Corn was down 1 1/4 cents in the March contract and down 3/4 cent in the July. Soybeans were down 10 3/4 cents in the January contract and down 10 cents in the July. Wheat closed down 3 3/4 cents in the March Chicago contract, down 2 3/4 cents in the March Kansas City, and down 2 3/4 cents in the March Minneapolis contract. The December U.S. dollar index is up 0.11 at 93.69. February gold is down $14.20 at $1,251.90 while March silver is down 18 cents and March copper is up $0.0055. The Dow Jones Industrial Average is up 80 at 24,221. January crude oil is up $0.77 at $56.73. January heating oil is up $0.0332 while January RBOB gasoline is up $0.0367 and January natural gas is down $0.147.
March corn closed down 1 1/4 cents at $3.51 1/2 Thursday, still near its low of the year as futures prices slowly bleed premium while cash corn prices stay near their highest prices in two months. Overall, that's a sign of good support for corn prices at these cheap levels while noncommercial traders remain heavily short, focused on the downtrend of futures prices and USDA's estimate of 2.49 billion bushels of U.S. ending corn stocks. Early Thursday, USDA said last week's export sales and shipments of corn totaled 34.5 million and 23.3 million bushels, respectively, another bearish combination that put total corn shipments down 38% in 2017-18 from a year ago. The only potentially bullish factor currently in view is the La Nina related stretch of dry weather in southern Brazil and Argentina. So far, traders have shown no concern about being short in corn with plenty of growing season still to go. Technically, the trend in March corn remains down with downside potential likely limited. DTN's National Corn Index closed at $3.11 Wednesday, priced 42 cents below the March contract and down from its highest price in two months. Early Thursday, there were 796 delivery intentions in December corn. In outside markets, the December U.S. dollar index is up 0.11, even though the European Union turned in respectable GDP growth of 2.6% for the third quarter from a year ago, reported RTTNews.com. The U.S. unemployment report will be released Friday morning.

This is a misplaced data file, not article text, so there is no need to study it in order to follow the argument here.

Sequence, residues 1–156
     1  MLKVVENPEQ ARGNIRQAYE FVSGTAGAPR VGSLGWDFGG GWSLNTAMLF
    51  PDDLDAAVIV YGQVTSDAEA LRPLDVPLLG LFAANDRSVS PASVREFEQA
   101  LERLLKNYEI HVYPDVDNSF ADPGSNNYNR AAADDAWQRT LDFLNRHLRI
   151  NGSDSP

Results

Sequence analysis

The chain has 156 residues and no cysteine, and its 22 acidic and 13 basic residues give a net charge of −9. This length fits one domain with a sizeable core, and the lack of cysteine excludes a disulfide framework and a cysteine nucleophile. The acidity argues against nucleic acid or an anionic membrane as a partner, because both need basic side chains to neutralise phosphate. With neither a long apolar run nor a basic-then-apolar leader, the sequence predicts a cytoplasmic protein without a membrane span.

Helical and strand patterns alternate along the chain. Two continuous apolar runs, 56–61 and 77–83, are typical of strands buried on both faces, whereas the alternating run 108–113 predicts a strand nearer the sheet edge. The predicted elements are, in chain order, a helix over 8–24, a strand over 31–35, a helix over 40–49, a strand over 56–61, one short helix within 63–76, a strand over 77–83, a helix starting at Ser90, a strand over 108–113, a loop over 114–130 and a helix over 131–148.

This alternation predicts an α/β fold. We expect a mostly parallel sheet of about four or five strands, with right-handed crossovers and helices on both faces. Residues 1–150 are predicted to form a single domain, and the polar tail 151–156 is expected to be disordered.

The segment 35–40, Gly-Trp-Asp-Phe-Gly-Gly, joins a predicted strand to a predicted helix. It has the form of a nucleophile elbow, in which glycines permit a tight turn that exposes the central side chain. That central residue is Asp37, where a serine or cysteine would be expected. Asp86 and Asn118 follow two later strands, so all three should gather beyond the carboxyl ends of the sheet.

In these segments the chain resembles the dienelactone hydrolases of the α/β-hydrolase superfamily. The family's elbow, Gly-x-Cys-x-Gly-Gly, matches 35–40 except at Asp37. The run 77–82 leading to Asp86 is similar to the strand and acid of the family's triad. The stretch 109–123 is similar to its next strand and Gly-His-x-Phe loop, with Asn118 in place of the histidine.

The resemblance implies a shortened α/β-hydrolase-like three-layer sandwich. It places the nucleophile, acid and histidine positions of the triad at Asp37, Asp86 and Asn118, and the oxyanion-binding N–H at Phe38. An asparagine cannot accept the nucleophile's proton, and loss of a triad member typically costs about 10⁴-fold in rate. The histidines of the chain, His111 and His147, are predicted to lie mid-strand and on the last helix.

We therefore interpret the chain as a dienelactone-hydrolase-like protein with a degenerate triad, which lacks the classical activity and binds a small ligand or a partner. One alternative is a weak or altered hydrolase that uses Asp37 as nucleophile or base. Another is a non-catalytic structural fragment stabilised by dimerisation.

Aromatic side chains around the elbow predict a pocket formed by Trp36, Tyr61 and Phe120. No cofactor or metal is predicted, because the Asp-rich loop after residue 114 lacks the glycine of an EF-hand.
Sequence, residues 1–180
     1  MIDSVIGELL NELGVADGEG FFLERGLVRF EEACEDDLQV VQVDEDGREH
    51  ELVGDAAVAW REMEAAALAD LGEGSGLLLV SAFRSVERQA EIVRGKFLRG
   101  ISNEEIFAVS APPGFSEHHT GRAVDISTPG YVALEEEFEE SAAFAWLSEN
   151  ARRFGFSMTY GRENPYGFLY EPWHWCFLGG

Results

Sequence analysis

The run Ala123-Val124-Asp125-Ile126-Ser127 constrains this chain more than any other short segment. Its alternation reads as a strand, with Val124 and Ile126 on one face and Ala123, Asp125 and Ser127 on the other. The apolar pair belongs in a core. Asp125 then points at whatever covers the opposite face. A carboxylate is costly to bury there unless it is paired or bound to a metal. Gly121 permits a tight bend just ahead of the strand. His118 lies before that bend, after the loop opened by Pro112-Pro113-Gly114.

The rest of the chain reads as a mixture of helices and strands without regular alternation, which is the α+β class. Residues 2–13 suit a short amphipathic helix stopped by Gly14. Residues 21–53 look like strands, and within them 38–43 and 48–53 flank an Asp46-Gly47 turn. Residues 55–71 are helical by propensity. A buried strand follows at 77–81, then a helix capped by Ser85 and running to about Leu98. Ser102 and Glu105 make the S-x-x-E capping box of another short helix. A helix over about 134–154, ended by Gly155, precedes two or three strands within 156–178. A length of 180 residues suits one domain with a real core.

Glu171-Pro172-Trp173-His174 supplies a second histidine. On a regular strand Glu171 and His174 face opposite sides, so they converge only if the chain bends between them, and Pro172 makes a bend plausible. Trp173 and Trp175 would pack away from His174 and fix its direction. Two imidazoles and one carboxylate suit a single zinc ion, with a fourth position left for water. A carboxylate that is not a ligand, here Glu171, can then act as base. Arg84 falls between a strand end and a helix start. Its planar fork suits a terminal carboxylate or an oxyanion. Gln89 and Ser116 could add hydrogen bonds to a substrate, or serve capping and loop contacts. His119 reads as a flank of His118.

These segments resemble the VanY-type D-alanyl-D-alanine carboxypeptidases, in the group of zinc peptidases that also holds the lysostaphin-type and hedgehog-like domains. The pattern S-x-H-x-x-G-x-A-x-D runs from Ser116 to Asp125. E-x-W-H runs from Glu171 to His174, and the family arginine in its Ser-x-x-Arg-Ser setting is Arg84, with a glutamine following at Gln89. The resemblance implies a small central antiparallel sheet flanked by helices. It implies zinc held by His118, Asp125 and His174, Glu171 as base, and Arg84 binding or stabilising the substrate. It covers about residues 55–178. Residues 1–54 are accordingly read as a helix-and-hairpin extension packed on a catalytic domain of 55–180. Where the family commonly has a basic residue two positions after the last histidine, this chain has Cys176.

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January soybeans closed down 10 3/4 cents Thursday at $9.92, falling back from recent challenges of the October high while the current stretch of dry weather remains a valid concern in both southern Brazil and Argentina. The latest seven-day forecast has some chances for light showers in Argentina on Thursday and Friday, but is expected to remain mostly dry along with southern Brazil. The best rain chances continue to come across central Brazil where crops should be doing well. Judging by this season's slower pace of U.S. soybean exports, China does not seem too concerned about possible crop problems yet. Early Thursday, USDA said last week's export sales and shipments of soybeans totaled 74.1 million and 74.2 million bushels, respectively. The sales were up significantly from a week ago, but total soybean shipments are down 11% in 2017-18 from a year ago. With USDA expecting Brazil to have 195 million bushels of excess soybeans at the end of the current season on Jan. 31, the future of soybean prices is riding on how well the next round of South American crops do in early 2018. For now, the trend remains sideways in January soybeans. DTN's National Soybean Index closed at $9.30 Wednesday, priced 73 cents below the January contract and back down from its highest price in four months. Thursday's delivery intentions for December contracts totaled 169 for soybean meal and 128 for soybean oil.
March Chicago wheat fell 3 3/4 cents to a new contract low of $4.21 1/2, still pressured by Wednesday's higher, 30.0 mmt all-wheat production estimate from Statistics Canada. Not only does Wednesday's announcement steal the spotlight from recent problems of untimely rains in Australia, it also adds to the perception that exporting U.S. wheat will be even more difficult than previously thought. Early Thursday, USDA said last week's export sales and shipments of wheat totaled 11.8 million and 14.6 million bushels, respectively, another bearish combination for the week. On a more upbeat note, export sales and shipments of milo totaled 16.0 million and 10.1 million bushels, respectively, both reaching marketing year highs last week, thanks to active demand from China. While wheat supplies are widely available around the globe, winter wheat futures remain under bearish pressure and continue to struggle to find their low in 2017. DTN's National SRW index closed at $3.86 Wednesday, priced 39 cents below the March contract and still above its August low. DTN's National HRW index closed at $3.65. Among December contracts, there were 90 delivery intentions for Chicago wheat and 1 for K.C. wheat early Thursday. Open interest has become dangerously low in December wheat contracts.
Todd Hultman can be reached at firstname.lastname@example.org
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